Disappearing World offers no clues as to why Aaron Sprinkle has flown below the radar his whole career. This record sounds like his attempt to rectify that slight, and he’s jumped in with both feet, turning in an accessible and thoroughly enjoyable collection. In a just world, you’d be hearing these songs on the radio every day. Alas, we live in this one, and Disappearing World will likely be ignored. But that doesn’t mean you have to ignore it too. Lovers of guitar-pop and finely crafted melodies won’t want to be without this record. As the man says in “Great Divide,” you might hesitate, but I don’t recommend it.
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Andrew Bird may get all the press, but when it comes to violin-playing geniuses, for my money, you can’t beat Owen Pallett.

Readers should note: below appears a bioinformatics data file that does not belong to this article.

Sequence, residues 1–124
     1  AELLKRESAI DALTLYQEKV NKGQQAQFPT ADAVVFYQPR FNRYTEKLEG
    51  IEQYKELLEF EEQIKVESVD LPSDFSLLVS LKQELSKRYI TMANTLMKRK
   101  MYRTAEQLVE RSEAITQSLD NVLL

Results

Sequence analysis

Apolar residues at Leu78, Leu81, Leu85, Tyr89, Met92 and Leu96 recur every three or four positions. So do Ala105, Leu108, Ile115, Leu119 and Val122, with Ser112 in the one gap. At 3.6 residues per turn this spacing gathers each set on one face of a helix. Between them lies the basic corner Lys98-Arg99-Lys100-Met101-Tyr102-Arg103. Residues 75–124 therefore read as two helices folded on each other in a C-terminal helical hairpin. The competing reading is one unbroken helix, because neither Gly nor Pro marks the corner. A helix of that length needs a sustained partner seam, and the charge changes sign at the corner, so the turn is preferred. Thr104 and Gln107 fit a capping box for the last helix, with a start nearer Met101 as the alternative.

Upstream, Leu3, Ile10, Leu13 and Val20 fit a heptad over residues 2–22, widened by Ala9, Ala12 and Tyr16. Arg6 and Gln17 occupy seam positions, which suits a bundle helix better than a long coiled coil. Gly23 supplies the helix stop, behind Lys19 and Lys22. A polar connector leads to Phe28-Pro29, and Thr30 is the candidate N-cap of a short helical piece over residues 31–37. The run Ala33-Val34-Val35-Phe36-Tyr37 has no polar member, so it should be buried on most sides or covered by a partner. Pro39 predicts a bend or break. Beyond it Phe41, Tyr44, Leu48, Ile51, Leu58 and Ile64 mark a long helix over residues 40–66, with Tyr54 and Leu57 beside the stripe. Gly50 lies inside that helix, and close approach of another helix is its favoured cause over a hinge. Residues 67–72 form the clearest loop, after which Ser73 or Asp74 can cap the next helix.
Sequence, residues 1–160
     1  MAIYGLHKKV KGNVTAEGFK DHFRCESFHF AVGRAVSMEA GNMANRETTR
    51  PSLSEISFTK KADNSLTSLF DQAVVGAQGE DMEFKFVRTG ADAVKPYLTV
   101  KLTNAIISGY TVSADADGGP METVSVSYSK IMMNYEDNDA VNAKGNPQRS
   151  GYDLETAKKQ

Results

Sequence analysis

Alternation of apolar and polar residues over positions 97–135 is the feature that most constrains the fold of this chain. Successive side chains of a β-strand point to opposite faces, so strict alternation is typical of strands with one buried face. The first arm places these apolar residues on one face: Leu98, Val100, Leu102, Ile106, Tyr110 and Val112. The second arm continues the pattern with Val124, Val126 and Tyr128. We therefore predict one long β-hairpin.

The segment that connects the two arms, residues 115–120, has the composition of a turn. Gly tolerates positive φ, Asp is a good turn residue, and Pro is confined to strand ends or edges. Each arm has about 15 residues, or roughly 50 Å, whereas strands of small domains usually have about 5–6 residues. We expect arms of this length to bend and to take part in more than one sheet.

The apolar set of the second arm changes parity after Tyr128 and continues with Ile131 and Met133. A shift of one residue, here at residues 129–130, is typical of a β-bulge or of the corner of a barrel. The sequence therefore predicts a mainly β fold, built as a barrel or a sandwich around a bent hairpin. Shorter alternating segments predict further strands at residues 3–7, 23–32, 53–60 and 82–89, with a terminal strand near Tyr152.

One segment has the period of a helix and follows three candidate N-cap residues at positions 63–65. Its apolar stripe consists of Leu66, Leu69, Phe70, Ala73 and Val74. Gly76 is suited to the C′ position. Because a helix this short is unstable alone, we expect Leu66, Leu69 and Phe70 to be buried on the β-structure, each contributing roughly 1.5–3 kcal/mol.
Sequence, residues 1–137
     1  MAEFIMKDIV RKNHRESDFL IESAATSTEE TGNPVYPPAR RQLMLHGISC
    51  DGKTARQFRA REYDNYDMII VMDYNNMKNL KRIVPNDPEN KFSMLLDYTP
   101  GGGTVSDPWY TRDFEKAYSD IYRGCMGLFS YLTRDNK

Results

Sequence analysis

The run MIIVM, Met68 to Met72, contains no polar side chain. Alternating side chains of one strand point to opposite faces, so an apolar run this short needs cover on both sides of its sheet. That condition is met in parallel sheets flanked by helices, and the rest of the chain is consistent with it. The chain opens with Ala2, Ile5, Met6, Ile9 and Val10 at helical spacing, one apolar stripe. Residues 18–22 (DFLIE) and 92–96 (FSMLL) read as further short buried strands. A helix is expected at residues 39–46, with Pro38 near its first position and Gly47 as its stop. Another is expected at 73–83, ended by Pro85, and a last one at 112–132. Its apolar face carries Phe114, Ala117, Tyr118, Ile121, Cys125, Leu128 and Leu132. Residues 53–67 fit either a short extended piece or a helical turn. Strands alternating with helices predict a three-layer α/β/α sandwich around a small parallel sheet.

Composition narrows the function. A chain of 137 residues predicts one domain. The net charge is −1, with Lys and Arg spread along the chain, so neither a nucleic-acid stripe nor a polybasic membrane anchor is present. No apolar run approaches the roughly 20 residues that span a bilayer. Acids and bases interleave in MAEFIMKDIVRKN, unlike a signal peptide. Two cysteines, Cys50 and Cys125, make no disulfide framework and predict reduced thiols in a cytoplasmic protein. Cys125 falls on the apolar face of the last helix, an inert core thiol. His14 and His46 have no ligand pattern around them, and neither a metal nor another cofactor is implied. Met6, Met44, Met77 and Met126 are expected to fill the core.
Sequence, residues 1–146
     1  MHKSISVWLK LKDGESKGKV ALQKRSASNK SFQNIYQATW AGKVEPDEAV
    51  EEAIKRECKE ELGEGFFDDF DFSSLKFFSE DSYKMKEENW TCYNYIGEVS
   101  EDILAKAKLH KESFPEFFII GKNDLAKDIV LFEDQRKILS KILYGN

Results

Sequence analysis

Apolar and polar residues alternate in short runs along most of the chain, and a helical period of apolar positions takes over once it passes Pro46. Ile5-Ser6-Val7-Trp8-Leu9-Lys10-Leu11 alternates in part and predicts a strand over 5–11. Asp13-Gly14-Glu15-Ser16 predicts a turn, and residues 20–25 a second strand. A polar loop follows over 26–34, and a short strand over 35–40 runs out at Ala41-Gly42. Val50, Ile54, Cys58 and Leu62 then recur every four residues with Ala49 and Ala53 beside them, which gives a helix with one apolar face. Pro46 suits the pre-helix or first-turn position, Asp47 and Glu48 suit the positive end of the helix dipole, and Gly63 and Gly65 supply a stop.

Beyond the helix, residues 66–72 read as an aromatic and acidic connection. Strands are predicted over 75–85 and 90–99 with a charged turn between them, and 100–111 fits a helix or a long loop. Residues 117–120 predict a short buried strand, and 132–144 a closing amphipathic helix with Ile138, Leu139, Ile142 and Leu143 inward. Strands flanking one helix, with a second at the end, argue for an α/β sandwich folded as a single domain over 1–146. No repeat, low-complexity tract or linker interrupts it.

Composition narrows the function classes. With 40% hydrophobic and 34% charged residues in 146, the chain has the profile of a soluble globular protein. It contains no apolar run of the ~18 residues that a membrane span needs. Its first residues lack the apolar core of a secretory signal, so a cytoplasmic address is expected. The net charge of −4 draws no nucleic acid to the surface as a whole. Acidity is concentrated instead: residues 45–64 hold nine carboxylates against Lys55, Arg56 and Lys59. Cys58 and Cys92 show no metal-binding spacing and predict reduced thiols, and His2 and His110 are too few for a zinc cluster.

He’s best known as the guy who plays and arranges strings for Arcade Fire, but over three increasingly complex albums as Final Fantasy, Pallett has created some of the most fascinating and delightfully odd mini-orchestral music you’re likely to find. He’s a studio wizard, looping his own violins and violas over and over to create massive washes of sound, but he’s also a terrific songwriter and arranger – Final Fantasy tunes are dramatic and memorable things, despite Pallett’s limited vocal range.
For his third, Heartland, he’s gone even bigger. It’s a concept album about a guy named Lewis who undertakes a spiritual journey, and instead of Pallett’s usual one-man-string-section sound, he’s enlisted the Czech Symphony Strings on nearly every track. The result is grandiose, even more so than anything he’s done with Arcade Fire, and yet it retains the oddball charm of the two previous Final Fantasy records. Heartland is a monumental work, but it contains those ambitions to 46 minutes. It’s something of a pocket symphony.